Prime Minister Shinzo Abe pledged to extend official development assistance worth ¥750 billion (S$8.21 b) to five countries of the Mekong River region during the Mekong-Japan Summit Meeting in Tokyo on Saturday.
The amount of aid, which will be offered over three years from fiscal 2016, is the largest since the meeting was launched in 2009. Japan's increased aid is intended to tap into infrastructure demand in the fast-growing Southeast Asian countries with Japan's high-quality infrastructure. Such a move is apparently aimed in part at countering the Asian Infrastructure Investment Bank led by China.
The annual summit meeting, held at the State Guest House in Akasaka, Tokyo, was also attended by Abe's counterparts from Cambodia, Laos, Myanmar, Thailand and Vietnam.
At the beginning of the meeting, Abe said, "The peace and stability of the Mekong region is of great importance to Japan."
The meeting ended after the New Tokyo Strategy 2015 for Mekong-Japan Cooperation, a joint statement that includes Japan's aid plans for the Mekong nations, was adopted.
The scale of the ODA, which Japan has announced at the meeting every three years, was more than ¥500 billion in 2009 and ¥600 billion in 2012.
The joint statement said, "In order to respond to vast infrastructure demand and achieve 'quality growth' in the region, both sides reaffirmed that it is vital to promote 'quality infrastructure' in the Mekong region."
In addition to support for infrastructure development, Japan and the five countries have reaffirmed that they will increase "soft efforts" such as by cultivating human resources and advancing industrial structures. By helping the region achieve sustainable economic growth, Japan aims to distinguish its contribution from AIIB projects, which are expected to feature low-cost infrastructure development.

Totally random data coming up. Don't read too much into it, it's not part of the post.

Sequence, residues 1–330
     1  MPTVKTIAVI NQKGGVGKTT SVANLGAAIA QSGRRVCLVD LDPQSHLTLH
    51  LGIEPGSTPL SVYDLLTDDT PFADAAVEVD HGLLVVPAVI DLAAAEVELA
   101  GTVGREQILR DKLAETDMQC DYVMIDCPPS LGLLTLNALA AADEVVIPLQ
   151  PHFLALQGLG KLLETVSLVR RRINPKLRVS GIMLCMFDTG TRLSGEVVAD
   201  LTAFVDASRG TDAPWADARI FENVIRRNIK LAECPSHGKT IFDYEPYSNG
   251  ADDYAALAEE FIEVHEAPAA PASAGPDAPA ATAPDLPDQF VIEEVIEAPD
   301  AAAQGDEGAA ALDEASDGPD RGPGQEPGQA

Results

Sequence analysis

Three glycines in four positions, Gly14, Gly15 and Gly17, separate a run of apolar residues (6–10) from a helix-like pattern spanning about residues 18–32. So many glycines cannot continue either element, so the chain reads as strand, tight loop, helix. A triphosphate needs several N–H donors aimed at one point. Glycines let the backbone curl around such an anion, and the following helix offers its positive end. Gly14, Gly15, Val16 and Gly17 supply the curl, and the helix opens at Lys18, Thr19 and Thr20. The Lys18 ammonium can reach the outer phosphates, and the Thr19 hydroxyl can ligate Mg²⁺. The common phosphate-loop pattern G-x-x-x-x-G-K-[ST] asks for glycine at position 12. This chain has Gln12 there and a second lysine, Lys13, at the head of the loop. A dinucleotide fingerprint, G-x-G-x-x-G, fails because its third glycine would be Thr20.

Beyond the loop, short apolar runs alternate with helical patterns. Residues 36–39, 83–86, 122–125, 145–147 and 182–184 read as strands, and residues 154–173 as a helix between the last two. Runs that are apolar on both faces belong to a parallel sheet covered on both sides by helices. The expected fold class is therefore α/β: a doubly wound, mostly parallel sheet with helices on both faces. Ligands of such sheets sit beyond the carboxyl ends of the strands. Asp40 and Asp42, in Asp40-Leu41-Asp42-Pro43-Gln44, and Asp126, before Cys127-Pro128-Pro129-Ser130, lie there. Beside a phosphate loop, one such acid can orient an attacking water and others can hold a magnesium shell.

Regarding broader aspects of regional development, the strategy stressed the importance of coordination with international organisations. Under the strategy, Japan and the Mekong region countries referred to co-operation particularly with the Japan-led Asian Development Bank, describing it as an institution "which has accumulated long-term experience and knowledge in poverty reduction and infrastructure development in the Mekong region."
Over maritime security, in an apparent warning against China's land reclamation, the statement said, "Both sides noted concerns expressed over the recent development in the South China Sea, which will further complicate the situation and erode trust and confidence and may undermine regional peace, security and stability."
It also expressed "deep concerns" over North Korea's continued development of nuclear weapons and ballistic missiles, calling on Pyongyang to refrain from further provocations. The statement highlighted the importance of addressing humanitarian concerns, including the abduction issue.
The Mekong-Japan Summit Meeting is held every year and this year's is the seventh. In addition to the group summit, Abe held separate bilateral talks with the Mekong leaders.